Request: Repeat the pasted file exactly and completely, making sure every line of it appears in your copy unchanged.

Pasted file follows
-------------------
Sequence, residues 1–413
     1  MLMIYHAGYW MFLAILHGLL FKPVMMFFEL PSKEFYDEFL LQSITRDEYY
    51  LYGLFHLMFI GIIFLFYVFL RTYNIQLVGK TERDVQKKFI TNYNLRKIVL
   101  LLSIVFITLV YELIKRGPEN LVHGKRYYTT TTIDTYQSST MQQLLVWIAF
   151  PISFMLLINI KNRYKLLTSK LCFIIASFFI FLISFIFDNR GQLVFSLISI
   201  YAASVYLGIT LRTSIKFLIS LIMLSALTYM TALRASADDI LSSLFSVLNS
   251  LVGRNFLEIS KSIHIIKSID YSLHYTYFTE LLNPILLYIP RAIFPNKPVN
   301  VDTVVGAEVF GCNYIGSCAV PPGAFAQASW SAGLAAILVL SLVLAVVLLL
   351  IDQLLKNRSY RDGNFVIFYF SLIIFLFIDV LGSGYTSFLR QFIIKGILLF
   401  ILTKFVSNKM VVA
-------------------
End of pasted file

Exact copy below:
Sequence, residues 1–413
     1  MLMIYHAGYW MFLAILHGLL FKPVMMFFEL PSKEFYDEFL LQSITRDEYY
    51  LYGLFHLMFI GIIFLFYVFL RTYNIQLVGK TERDVQKKFI TNYNLRKIVL
   101  LLSIVFITLV YELIKRGPEN LVHGKRYYTT TTIDTYQSST MQQLLVWIAF
   151  PISFMLLINI KNRYKLLTSK LCFIIASFFI FLISFIFDNR GQLVFSLISI
   201  YAASVYLGIT LRTSIKFLIS LIMLSALTYM TALRASADDI LSSLFSVLNS
   251  LVGRNFLEIS KSIHIIKSID YSLHYTYFTE LLNPILLYIP RAIFPNKPVN
   301  VDTVVGAEVF GCNYIGSCAV PPGAFAQASW SAGLAAILVL SLVLAVVLLL
   351  IDQLLKNRSY RDGNFVIFYF SLIIFLFIDV LGSGYTSFLR QFIIKGILLF
   401  ILTKFVSNKM VVA